Alan Quinlan: Connacht on path to Europe after derbies light up Christmas
Ulster and Munster now massive games for province after Six Nations
Connacht’s Mils Muliaina, Miah Nikora and Kieran Marmion enjoy victory over Munster. Photograph: James Crombie/Inpho
There was no contest when it came to picking out the best thing about the rugby over Christmas. The derbies in the Pro12 – and not just in Ireland – gave the competition an injection of intensity just when it needed it. The Pro12 will always be behind Europe in terms of excitement and buzz but some of those games over Christmas would make you think twice about what you were watching. It was great entertainment.
You couldn’t take your eyes off the Scarlets v Ospreys game on Saturday. It was tetchy stuff and there was obvious niggle all the way through it. The game was stopped a few times and looked like it might spill over. Ospreys had won the previous Saturday so Scarlets were out for revenge and it didn’t matter that they were a full 16 points behind the league leaders at the start of play. They hammered into them and won 22-10 in the end.
Bite in the game
Edinburgh and Glasgow played out a couple of serious matches as well and came away with a win apiece. Treviso got the upper hand over Zebre in both matches but even at that, they only managed a 17-15 win at home. The Irish provinces had some ding-dong battles too.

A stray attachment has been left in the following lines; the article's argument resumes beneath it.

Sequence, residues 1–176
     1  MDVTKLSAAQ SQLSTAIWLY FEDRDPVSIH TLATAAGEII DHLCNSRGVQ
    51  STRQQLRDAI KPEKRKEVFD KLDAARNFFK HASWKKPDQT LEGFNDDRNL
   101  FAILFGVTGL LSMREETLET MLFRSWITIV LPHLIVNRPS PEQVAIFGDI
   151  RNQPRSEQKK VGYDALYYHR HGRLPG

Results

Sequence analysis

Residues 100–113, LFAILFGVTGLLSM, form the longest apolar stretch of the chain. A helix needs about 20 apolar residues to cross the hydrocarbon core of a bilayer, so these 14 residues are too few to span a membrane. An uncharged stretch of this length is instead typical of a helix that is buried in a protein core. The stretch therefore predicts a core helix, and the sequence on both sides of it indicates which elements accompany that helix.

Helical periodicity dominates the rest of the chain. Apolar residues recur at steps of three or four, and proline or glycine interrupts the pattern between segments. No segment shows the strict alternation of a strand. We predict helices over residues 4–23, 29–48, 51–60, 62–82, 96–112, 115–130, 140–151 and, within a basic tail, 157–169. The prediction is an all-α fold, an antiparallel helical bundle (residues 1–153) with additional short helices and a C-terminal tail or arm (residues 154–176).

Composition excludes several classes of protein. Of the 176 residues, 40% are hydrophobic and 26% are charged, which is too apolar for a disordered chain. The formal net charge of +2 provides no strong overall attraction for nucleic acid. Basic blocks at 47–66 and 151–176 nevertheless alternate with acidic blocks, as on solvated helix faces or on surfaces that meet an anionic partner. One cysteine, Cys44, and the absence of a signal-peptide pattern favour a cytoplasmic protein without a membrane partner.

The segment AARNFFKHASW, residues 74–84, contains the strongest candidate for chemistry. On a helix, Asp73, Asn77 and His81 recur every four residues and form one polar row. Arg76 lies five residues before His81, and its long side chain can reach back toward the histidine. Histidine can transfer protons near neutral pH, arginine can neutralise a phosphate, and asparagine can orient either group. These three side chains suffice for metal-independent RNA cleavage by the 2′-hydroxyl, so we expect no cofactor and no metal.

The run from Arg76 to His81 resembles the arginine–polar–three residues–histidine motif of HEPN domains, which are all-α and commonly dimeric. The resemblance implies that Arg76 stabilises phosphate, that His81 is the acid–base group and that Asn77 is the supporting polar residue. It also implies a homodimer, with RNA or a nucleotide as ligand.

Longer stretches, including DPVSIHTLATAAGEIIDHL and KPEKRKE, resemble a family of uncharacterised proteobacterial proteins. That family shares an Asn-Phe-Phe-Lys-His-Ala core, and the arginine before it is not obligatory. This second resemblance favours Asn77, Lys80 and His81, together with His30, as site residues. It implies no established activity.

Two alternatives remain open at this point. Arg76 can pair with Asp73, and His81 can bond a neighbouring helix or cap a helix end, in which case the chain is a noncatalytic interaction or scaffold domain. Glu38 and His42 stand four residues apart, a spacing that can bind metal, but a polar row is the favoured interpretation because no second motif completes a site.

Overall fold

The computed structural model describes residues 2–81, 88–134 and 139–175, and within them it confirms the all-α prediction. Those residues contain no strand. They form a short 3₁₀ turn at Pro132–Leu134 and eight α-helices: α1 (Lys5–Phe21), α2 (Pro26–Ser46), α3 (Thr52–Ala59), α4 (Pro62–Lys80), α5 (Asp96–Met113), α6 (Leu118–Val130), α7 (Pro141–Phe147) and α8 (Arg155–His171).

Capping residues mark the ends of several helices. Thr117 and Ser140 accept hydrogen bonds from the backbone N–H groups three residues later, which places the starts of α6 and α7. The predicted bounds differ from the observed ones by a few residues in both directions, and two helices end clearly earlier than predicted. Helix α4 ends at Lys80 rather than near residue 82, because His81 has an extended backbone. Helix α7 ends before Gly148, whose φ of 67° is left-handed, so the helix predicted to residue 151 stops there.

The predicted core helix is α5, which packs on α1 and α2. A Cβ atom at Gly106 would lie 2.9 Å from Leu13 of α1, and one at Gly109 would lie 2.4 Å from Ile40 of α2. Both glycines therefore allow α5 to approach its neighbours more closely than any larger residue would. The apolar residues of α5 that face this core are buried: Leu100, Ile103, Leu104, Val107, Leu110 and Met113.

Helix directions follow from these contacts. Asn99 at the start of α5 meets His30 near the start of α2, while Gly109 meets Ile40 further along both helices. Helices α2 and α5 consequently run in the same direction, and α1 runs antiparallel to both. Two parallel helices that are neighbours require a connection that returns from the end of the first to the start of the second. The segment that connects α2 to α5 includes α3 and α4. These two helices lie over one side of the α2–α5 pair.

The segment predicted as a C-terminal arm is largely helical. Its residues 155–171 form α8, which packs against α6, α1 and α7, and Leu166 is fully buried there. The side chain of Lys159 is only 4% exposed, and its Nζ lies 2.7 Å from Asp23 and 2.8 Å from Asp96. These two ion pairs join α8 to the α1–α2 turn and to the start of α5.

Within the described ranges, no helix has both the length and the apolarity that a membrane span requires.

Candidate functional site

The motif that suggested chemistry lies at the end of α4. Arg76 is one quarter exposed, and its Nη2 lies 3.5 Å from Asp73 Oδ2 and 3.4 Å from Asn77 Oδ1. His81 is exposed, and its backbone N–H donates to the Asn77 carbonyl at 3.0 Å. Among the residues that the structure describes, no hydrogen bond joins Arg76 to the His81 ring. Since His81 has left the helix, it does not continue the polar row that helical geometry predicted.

Local derbies aren’t just about teams against teams or fanbases against fanbases. On a personal level, they’re one-on-one battles that have to be won. You’re coming up against players who you’re in direct competition with to get into the international squad or team. You’re going into these games knowing that every play is being watched and assessed and that comparisons are being made between you and someone else.
You are completely judged on those games. You know it, the other guy knows it and you both play accordingly. It isn’t just any other league game. It’s a deliberately pressurised environment and watching on are the national team coaches who want to see how you cope. They can really focus on you in a scenario that they can’t recreate in training. This is it, do it or forget about it.
Chances to impress
From an Irish point of view, Connacht’s win over Munster was the obvious stand-out result. Coming back from a 0-13 deficit in the Sportsground tells you a lot about the sort of team spirit Pat Lam has going on there. They’ve recruited very well obviously, although it has to be said that they’re helped by the fact that the IRFU’s overseas player rule doesn’t apply to them.
Mils Muliaina, Bundee Aki, Tom McCartney – these are serious signings. Someone like Muliaina could have the same sort of effect on the younger players in Connacht that John Langford had on us in Munster away back at the end of the ’90s. Obviously young players now are more professional than we were then but that confidence and mental strength carried by someone with 100 caps for the All Blacks must be inspiring for those Connacht players to be around.
Lam has done a really good job. The key to it is the spirit he has created. It takes a lot to get players to Connacht in the first place and the challenge for him has been to convince the likes of Muliaina and Aki that they wouldn’t be better off somewhere else. You get drawn into that challenge because of a desire to prove yourself in a place where it looks unlikely.